On December 14, 2021, the CMV-22B Osprey reached initial operational capability with the Navy to perform the carrier onboard delivery mission. Unlike the C-2A Greyhound, which it is replacing, the Osprey is able to carry the Pratt & Whitney F135 engine that powers the F-35 Lightning II. However, following the fatal crash of an Air Force Special Operations CV-22 in late November 2023, all but one Osprey squadron across the U.S. military have been grounded. To pick up the slack, the Navy is relying on the legacy Greyhound.
With F-35s rolling out to the Pacific Fleet, C-2s were transferred from Naval Air Station North Island, California, to Naval Station Norfolk, Virginia. There, the Greyhounds continued to support Atlantic Fleet carriers whose squadrons have not switched over to the F-35. With the CMV-22s grounded, C-2s are conducting COD missions in the Indo-Pacific region, specifically to support the USS Carl Vinson (CVN-70) in the Philippine Sea.
Introduced in 1966, the Grumman C-2A Greyhound provides vital aerial logistics support to carrier strike groups. The twin-engine aircraft carries supplies, personnel, and mail between shore bases and carriers at sea. Although the C-2 is not as large as the CMV-22 it has a larger payload capacity. Moreover, the Greyhound's pressurized cabin allows it to fly higher than the Osprey and above weather that the newer aircraft cannot.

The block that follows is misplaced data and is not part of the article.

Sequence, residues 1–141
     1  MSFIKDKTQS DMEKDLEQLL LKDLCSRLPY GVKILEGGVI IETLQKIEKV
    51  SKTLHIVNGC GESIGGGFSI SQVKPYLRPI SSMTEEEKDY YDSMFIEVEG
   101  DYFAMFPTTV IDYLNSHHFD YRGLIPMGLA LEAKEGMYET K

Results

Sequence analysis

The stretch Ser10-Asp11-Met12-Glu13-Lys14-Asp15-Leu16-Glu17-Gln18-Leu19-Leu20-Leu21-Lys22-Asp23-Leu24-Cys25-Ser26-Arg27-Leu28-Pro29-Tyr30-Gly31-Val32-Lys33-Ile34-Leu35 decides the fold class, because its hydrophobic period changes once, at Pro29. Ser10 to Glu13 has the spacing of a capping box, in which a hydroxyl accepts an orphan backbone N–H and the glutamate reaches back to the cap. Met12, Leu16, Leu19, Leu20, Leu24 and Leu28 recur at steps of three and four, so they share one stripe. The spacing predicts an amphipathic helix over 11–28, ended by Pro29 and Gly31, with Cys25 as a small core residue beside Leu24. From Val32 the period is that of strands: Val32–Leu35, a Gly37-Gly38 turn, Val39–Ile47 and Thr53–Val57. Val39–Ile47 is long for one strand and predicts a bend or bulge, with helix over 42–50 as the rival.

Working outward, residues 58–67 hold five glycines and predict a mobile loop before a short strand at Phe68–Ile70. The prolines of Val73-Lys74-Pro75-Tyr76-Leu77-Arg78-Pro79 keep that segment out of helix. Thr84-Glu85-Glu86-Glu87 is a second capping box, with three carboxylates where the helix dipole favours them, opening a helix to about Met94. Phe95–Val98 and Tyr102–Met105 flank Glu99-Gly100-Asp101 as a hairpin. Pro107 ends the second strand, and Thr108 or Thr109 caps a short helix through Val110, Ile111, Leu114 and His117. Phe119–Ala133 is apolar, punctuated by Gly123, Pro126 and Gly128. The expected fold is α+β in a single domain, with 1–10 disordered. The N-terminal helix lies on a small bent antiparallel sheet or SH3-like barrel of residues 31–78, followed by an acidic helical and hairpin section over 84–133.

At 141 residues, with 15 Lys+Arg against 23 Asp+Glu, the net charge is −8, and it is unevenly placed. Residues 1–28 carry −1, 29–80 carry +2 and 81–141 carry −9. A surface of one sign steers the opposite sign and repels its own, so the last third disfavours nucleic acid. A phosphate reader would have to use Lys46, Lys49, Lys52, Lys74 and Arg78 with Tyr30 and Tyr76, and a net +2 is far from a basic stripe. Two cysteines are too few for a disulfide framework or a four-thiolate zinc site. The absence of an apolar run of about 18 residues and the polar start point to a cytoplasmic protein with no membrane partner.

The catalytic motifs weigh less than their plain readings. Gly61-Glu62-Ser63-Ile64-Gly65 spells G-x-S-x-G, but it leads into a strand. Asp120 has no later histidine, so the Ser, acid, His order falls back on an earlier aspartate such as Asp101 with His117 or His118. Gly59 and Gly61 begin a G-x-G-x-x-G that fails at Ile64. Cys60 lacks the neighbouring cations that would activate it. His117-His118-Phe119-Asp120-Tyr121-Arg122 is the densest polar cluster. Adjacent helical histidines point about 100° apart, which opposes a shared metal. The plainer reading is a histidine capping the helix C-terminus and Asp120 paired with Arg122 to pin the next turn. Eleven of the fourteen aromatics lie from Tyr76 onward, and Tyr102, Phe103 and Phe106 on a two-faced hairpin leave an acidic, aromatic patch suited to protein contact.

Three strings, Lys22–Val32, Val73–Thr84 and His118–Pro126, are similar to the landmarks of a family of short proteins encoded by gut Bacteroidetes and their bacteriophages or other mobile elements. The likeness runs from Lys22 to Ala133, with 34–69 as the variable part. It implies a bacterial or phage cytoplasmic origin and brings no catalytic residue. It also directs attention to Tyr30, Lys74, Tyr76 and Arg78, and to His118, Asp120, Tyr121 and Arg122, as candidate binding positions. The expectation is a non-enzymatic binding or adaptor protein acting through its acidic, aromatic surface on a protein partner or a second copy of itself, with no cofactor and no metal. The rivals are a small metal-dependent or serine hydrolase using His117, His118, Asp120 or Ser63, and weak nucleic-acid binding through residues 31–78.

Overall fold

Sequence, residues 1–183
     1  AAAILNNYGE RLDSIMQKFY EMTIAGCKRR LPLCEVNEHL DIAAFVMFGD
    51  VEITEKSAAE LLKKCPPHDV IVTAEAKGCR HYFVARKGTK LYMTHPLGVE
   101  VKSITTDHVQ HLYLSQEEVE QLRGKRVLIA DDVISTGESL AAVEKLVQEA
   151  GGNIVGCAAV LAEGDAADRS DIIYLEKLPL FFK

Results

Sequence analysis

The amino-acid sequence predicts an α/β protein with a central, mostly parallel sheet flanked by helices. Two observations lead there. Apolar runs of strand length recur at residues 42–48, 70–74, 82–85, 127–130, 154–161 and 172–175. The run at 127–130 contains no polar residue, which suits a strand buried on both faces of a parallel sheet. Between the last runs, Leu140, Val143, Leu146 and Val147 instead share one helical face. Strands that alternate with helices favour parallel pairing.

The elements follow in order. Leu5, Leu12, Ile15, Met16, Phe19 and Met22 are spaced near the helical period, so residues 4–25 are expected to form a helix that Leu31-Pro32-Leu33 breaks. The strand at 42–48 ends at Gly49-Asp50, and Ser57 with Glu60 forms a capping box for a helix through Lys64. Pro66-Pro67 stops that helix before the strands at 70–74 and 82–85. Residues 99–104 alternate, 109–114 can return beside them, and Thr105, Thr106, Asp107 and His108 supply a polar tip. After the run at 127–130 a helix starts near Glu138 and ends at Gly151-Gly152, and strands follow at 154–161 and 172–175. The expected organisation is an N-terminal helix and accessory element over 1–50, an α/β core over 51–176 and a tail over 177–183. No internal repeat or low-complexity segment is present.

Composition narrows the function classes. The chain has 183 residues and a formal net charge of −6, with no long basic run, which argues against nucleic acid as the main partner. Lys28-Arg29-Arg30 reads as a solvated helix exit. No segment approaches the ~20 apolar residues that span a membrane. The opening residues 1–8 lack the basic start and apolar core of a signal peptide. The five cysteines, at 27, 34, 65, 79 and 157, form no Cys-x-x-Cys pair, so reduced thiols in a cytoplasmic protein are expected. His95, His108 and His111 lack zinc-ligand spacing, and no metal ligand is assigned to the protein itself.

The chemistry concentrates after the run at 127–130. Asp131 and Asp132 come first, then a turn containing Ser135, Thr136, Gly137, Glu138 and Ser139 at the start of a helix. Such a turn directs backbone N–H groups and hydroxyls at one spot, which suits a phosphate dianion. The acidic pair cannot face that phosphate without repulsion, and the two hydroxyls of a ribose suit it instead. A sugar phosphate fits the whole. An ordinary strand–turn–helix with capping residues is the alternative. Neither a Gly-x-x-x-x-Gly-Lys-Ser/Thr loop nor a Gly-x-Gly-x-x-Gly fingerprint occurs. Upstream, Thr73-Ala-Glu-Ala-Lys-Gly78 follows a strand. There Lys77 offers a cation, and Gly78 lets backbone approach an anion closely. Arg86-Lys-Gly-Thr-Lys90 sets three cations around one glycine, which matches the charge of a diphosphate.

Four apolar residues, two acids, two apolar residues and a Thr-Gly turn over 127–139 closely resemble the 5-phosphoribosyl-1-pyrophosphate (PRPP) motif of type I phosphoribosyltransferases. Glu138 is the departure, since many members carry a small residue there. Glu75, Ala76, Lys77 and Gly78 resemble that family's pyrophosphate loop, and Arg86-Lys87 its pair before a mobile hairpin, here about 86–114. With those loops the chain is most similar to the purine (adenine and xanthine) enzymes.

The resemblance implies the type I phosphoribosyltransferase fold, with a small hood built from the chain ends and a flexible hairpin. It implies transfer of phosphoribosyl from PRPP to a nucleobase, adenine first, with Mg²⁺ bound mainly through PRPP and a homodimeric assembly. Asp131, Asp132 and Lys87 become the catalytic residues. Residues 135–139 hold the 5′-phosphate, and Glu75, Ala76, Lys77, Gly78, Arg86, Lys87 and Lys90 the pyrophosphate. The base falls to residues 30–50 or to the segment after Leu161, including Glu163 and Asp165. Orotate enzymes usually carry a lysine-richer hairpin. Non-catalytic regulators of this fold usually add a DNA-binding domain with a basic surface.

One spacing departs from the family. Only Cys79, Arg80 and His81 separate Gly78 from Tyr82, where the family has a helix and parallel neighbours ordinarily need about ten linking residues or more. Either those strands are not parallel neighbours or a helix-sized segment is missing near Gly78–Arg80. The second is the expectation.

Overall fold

The Bell Boeing V-22 Osprey first flew in 1989. It entered service with the Marine Corps in its MV-22B variant in 2007. Two years later, the Air Force fielded its version, the CV-22B. Navy CMV-22B variants began flying COD missions in 2021. The world's first production tiltrotor aircraft, the Osprey touts the ability to perform both vertical takeoffs and landings and short takeoffs and landings.
In addition to being able to carry the F-35's engine, the CMV-22's tiltrotor operation allows it to operate from ships like amphibious assault, dock landing, and transport dock ships. However, the hard clutch of the tiltrotor continues to be a source of mishaps for the Osprey, with 13 crashes resulting in fatalities since it became operational in 2007. Since the November 2023 crash, only Marine Medium Tiltrotor Squadron 162 (VMM-162) continues to fly its Ospreys with special permission to support deployments in the Eastern Mediterranean.
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